The Southwestern Historical Quarterly, Volume 76, July 1972 - April, 1973 Page: 106

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Cherokees have not given up. As late as 1964 they were still trying
to establish legal claim to their former Texas lands, which had proved
to be rich in oil.
Clarke's book suggests an answer as to why a small group of Chero-
kee Indians played such a prominent role in the Indian affairs of
the Republic of Texas. It was obviously not this group itself that
disturbed the early Texans, but the fact that these Cherokees provided
leadership for other Indian refugee groups from the United States,
such as the Alabama, Biloxi, Choctaw, Delaware, Kickapoo, Koasati,
and Shawnee, all of whom occupied choice lands in eastern Texas and
resented Anglo-American encroachment. The Texans coveted those
lands and correctly sensed the potential for organized resistance. If
the Cherokees united the refugee groups, serious trouble could ensue.
Expulsion of the Cherokees would have come much sooner if Sam
Houston, who had lived among them in Oklahoma, had not stoutly
fought for their land rights in Texas. It seems likely that the con-
troversy, in which Houston stood against many other political leaders
of Texas, is the real reason why historians have been so interested in
the Texas Cherokees. Otherwise, perhaps we might have not only a
good study of the Texas Cherokees but also good books on the Texas
Delawares, the Texas Kickapoos, and various other refugee peoples.
University of Texas, Austin T. N. CAMPBELL
Big Brother's Indian Programs-With Reservations. By Sar A. Levitan
and Barbara Hetrick. (New York: McGraw-Hill Book Company,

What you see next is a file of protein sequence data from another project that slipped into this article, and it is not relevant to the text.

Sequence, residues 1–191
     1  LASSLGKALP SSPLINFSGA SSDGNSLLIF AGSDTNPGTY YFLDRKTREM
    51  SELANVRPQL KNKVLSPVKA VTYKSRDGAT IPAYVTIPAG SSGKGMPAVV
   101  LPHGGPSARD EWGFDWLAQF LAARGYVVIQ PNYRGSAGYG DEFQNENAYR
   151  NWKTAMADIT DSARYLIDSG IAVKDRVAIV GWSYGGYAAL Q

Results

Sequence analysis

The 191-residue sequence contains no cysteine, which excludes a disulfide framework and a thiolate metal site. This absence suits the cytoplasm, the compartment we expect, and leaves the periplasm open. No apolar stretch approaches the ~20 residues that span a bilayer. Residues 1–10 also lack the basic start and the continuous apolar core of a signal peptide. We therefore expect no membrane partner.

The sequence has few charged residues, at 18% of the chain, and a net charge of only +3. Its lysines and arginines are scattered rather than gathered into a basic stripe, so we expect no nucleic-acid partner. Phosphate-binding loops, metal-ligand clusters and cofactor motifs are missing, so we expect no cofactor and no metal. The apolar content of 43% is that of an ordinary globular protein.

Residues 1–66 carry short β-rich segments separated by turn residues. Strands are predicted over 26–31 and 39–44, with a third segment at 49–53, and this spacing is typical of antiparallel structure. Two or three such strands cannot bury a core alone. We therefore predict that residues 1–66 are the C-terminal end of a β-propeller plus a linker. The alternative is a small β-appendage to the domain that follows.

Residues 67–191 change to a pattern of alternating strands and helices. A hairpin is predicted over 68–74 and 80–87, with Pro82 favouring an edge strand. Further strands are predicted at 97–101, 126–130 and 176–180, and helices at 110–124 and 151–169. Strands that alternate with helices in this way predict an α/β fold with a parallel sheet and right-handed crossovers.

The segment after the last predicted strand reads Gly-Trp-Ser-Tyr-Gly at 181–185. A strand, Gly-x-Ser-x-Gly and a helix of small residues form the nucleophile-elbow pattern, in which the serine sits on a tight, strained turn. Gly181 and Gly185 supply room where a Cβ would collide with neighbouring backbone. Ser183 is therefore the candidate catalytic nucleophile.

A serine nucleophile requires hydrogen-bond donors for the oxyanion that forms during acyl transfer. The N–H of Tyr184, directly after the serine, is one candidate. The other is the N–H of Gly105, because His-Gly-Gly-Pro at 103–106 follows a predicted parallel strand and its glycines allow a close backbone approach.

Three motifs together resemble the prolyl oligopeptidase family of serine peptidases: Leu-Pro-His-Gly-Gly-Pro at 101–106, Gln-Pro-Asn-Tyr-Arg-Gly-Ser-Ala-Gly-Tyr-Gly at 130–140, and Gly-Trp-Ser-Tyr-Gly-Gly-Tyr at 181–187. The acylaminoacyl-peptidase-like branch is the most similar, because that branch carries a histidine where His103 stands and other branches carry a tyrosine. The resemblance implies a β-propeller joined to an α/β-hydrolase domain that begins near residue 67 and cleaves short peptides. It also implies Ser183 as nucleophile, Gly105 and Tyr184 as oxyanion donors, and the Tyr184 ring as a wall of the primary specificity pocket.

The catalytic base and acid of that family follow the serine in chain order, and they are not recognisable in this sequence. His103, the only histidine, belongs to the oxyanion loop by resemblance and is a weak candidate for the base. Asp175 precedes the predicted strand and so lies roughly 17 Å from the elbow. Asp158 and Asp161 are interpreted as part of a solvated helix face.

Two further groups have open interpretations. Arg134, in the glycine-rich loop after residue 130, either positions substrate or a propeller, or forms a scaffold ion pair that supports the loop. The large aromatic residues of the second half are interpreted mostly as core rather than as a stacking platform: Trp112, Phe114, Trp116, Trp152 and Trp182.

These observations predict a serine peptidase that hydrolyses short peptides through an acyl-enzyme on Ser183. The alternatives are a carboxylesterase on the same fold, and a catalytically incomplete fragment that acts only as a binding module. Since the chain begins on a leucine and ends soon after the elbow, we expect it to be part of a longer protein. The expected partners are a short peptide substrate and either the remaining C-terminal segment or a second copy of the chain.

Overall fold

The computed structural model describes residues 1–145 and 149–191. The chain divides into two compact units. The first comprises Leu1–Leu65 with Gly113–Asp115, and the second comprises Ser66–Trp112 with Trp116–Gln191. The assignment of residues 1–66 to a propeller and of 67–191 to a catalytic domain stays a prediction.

1971. Pp. vii+228. Notes, illustrations, index. $8.95.)
This book has a good cover. Unfortunately, however, the cover
promises more than is delivered. The book is little more than an at-
tempt to cash in on the current interest in the problems of the
American Indian. In the first six of seven topically arranged chapters,
the authors shed oceans of tears over the plight of the Indian and beat
their chests in righteous indignation over government ineptitude.
In the last chapter they offer their solution. It can be simply stated:
appropriate more money and create new agencies to administer it.
We have heard it before; their solution has been tried before-with
little success.
Among its several shortcomings, Big Brother's Indian Programs
appears to have been hastily assembled. The sources listed at the end

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Texas State Historical Association. The Southwestern Historical Quarterly, Volume 76, July 1972 - April, 1973, periodical, 1973; Austin, Texas. (texashistory.unt.edu/ark:/67531/metapth101202/m1/124/ocr/: accessed September 29, 2016), University of North Texas Libraries, The Portal to Texas History, texashistory.unt.edu; crediting Texas State Historical Association.